Documenting the weekly battle against your self...
I'm squinting to keep my eyes open. The images on the TV screen are a blur of indiscernible colour, and my contact lenses are clinging to the inside of my eyelids. Tiredness is, quite literally, clawing at my eyes, yet I can't face the warm comfort of my bed just yet. To fall into its affectionate embrace would signal defeat… it would commit me to a fate worse than death… Monday morning.
Ah yes… it's Sunday night and I'm doing my weekly waltz with "The Fear".
Regardless of being in primary school or close to retirement, almost everyone (I'm sure) is intimately acquainted with the looming sense of dread that usually accompanies a Sunday evening. My first experiences with this inexplicable angst would usually follow the last few chimes of the Glenroe theme song- a soap opera that not only showed "jackeens" the obscure intricacies of rural Ireland, but also seemed to be the unspoken national farewell to the weekend. And in the midst of Miley's "Well Holy God's", the panic slowly began to claw its way up my chest.
Was swimming on tomorrow or Wednesday? Where was my homework sheet, I can't remember what page of Alive-o we had to do? Was that RAG day this week or next week…? I simply couldn't risk my reputation on a missed opportunity not to wear the school uniform. My worries ranged from everything in general to nothing in particular, but it was enough for me to loathe Sunday evening more than Monday mornings themselves.
Almost twenty years later, and I still haven't mastered the art of bringing the weekend to a peaceful and stress-free conclusion. In fact, I often feel like the entire situation has been made worse by the relentless slide into responsibility that your mid-to-late twenties brings. Instead of the certainty of "having it all together" that I assumed was a natural by-product of turning twenty one, you suddenly find yourself in a grown-up job that, no matter how long you spent in college, you feel horrendously under-qualified for. It's a bitter pill to swallow when you realise that you dread Monday morning as a teacher far worse than you ever did as a student.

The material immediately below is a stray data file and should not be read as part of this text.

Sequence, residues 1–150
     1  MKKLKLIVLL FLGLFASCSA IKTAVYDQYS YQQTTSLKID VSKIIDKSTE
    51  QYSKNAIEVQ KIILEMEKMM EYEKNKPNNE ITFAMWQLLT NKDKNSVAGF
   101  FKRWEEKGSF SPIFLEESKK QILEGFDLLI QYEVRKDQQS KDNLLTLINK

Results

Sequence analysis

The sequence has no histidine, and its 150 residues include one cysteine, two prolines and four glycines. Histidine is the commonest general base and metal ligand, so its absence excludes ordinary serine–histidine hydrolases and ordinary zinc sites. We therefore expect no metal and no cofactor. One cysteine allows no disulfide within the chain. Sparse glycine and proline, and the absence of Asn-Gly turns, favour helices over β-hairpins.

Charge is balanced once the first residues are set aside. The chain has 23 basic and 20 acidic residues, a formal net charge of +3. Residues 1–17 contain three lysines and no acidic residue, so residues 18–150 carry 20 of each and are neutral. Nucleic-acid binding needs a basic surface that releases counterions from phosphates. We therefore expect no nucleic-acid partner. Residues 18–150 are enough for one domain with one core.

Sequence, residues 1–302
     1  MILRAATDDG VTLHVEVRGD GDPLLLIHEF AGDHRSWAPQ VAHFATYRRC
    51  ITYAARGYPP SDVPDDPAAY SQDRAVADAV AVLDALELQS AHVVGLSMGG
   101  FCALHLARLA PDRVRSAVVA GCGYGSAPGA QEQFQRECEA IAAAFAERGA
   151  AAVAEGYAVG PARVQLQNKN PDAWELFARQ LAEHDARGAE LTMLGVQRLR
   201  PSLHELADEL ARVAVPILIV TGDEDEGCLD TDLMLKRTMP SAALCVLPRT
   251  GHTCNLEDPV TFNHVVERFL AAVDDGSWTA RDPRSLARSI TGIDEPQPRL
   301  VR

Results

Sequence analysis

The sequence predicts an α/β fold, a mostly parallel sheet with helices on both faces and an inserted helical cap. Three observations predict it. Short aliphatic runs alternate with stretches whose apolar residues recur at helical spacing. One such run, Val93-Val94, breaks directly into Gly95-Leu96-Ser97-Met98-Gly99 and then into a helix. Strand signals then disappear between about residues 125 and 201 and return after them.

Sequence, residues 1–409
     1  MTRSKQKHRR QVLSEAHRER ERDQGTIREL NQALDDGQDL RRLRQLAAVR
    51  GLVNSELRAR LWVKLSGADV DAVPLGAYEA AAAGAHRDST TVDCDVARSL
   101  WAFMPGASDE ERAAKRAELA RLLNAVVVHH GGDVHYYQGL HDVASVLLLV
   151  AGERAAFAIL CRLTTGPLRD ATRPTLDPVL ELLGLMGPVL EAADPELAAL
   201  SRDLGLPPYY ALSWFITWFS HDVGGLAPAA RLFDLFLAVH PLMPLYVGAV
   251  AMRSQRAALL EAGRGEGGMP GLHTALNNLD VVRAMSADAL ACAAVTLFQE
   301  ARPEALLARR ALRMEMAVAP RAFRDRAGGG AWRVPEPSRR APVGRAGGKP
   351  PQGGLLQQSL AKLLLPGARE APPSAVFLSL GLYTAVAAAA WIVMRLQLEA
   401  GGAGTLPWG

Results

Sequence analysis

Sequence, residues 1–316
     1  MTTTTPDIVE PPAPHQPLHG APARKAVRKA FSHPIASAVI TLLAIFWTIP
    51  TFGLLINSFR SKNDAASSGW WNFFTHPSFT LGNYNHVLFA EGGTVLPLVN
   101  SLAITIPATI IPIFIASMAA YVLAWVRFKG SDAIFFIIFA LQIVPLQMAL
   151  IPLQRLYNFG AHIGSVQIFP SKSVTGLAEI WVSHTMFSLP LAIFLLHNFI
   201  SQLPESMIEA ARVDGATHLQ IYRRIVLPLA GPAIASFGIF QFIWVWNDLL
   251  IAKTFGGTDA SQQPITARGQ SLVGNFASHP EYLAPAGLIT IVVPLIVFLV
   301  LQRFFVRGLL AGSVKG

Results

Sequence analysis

My Sunday nights (or rather Saturday nights now seeing as I live in the Gulf) consist of the same basic routine. Around four o'clock, the first pangs set in. How is the weekend over already? Why have I wasted another weekend when I promised myself last week that I'd savour every second of this one? Why have I not prepared myself in the slightest for work this week!?
By eight o'clock, I'm inconsolable. New depths of desperation are reached every week- you catch yourself absent mindedly browsing wanted ads, or even more heart-breakingly, SkyScanner. Anything… anything to save you from the impending misery is an option. The extent of your "fear" is truly realised when you begin to rationalise the possible maladies that could spare you from the turmoil of another week- Is a broken leg really that bad?
Your run-of-the-mill Sunday night fear is bad enough- but if you've indulged in a pint or twenty the night before, there is no rock bottom. Rock bottom would be a welcome limit to the fear in fact. The giddy haze of the night before has ascended, and it now appears that you willingly conspired against your future self last night in saying and doing as many idiotic things as possible, just inflate your current uneasiness that extra degree or two. God forbid you were socializing with colleagues from work, people that you actually have to see in the coming week and can't avoid until the next trip to the local.
There is no God… and if there was, he'd come in the shape of a P45 and a one-way ticket to Timbuktu.
So, with all avenues of escape exhausted, you surrender yourself to your punishment for wasting a good weekend. The walk to bed may as well be the green mile. Although your body rejoices at the sight of your bed, your mind insists on reminding you that when you wake, it's time to face the music. Setting your alarm is the cherry on top of the vomit-inducing cake (especially if you have a phone that insists on telling you exactly how little sleep you're going to get), and you close your eyes, safe in the knowledge that life as you know it will never be the same again.
Thankfully, it's never as bad as you envisioned. The howl of the alarm is a shock to the system, but once you're up and out, your fears never seem to fully materialize. Monday's are generally an awful day, that's a given, but they rarely warrant the anxiety suffered the evening before. The bleary-eyed commute to work or school is never pleasant, but once the morning coffee has kicked in, all traces of the crippling fear have usually dispersed. The "Fear" has been conquered- in the battle of mind over matter, you've come out on top.
Until next weekend…